Share Email Print

Proceedings Paper

Optimal reduced-rank quadratic classifiers using the Fukunaga-Koontz transform with applications to automated target recognition
Author(s): Xiaoming Huo; Michael Elad; Ana Georgina Flesia; Robert R. Muise; S. Robert Stanfill; Jerome Friedman; Bogdan Popescu; Jihong Chen; Abhijit Mahalanobis; David L. Donoho
Format Member Price Non-Member Price
PDF $14.40 $18.00
cover GOOD NEWS! Your organization subscribes to the SPIE Digital Library. You may be able to download this paper for free. Check Access

Paper Abstract

In target recognition applications of discriminant of classification analysis, each 'feature' is a result of a convolution of an imagery with a filter, which may be derived from a feature vector. It is important to use relatively few features. We analyze an optimal reduced-rank classifier under the two-class situation. Assuming each population is Gaussian and has zero mean, and the classes differ through the covariance matrices: ∑1 and ∑2. The following matrix is considered: Λ=(∑1+∑2)-1/21(∑1+∑2)-1/2. We show that the k eigenvectors of this matrix whose eigenvalues are most different from 1/2 offer the best rank k approximation to the maximum likelihood classifier. The matrix Λ and its eigenvectors have been introduced by Fukunaga and Koontz; hence this analysis gives a new interpretation of the well known Fukunaga-Koontz transform. The optimality that is promised in this method hold if the two populations are exactly Guassian with the same means. To check the applicability of this approach to real data, an experiment is performed, in which several 'modern' classifiers were used on an Infrared ATR data. In these experiments, a reduced-rank classifier-Tuned Basis Functions-outperforms others. The competitive performance of the optimal reduced-rank quadratic classifier suggests that, at least for classification purposes, the imagery data behaves in a nearly-Gaussian fashion.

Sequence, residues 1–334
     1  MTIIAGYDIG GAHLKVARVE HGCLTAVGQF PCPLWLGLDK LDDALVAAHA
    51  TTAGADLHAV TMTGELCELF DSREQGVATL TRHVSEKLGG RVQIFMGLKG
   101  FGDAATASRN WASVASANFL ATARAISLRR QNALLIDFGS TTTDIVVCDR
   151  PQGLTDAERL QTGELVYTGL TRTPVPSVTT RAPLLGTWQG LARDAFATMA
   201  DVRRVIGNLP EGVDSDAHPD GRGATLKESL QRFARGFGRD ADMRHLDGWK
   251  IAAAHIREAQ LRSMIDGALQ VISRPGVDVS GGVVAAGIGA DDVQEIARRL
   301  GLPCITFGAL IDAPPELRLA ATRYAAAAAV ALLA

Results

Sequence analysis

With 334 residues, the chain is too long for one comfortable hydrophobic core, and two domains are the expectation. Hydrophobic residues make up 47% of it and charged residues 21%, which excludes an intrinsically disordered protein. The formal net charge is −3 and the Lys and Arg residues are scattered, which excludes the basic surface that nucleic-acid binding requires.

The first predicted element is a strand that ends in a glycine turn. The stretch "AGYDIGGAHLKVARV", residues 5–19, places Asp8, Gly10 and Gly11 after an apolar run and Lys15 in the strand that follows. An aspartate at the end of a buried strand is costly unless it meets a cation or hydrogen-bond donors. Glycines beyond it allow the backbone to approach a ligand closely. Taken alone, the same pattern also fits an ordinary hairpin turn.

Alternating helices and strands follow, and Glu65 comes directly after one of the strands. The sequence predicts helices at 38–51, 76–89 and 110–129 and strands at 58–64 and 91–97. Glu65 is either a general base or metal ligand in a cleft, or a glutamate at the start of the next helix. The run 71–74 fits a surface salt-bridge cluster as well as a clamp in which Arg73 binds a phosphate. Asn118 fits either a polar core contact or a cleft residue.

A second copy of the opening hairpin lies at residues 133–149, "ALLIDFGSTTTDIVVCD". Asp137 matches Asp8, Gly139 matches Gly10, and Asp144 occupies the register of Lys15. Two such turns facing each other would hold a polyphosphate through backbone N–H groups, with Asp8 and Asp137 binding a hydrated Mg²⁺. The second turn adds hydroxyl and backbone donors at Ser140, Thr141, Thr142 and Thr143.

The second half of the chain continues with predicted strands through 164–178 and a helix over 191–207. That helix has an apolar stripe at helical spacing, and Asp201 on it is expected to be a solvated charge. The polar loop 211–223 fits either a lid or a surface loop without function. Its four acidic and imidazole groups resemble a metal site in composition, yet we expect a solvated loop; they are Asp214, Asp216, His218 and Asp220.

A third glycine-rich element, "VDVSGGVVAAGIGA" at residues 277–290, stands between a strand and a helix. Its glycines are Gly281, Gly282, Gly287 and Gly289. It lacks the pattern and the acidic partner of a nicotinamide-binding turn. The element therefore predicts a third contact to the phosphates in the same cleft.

Paper Details

Date Published: 16 September 2003
PDF: 14 pages
Proc. SPIE 5094, Automatic Target Recognition XIII, (16 September 2003); doi: 10.1117/12.499594
Show Author Affiliations
Xiaoming Huo, Georgia Institute of Technology (United States)
Michael Elad, Stanford Univ. (United States)
Ana Georgina Flesia, Stanford Univ. (United States)
Robert R. Muise, Lockheed Martin Missiles and Fire Control (United States)
S. Robert Stanfill, Lockheed Martin (United States)
Jerome Friedman, Stanford Univ. (United States)
Bogdan Popescu, Stanford Univ. (United States)
Jihong Chen, Georgia Institute of Technology (United States)
Abhijit Mahalanobis, Lockheed Martin Missiles and Fire Control (United States)
David L. Donoho, Stanford Univ. (United States)

Published in SPIE Proceedings Vol. 5094:
Automatic Target Recognition XIII
Firooz A. Sadjadi, Editor(s)

© SPIE. Terms of Use
Back to Top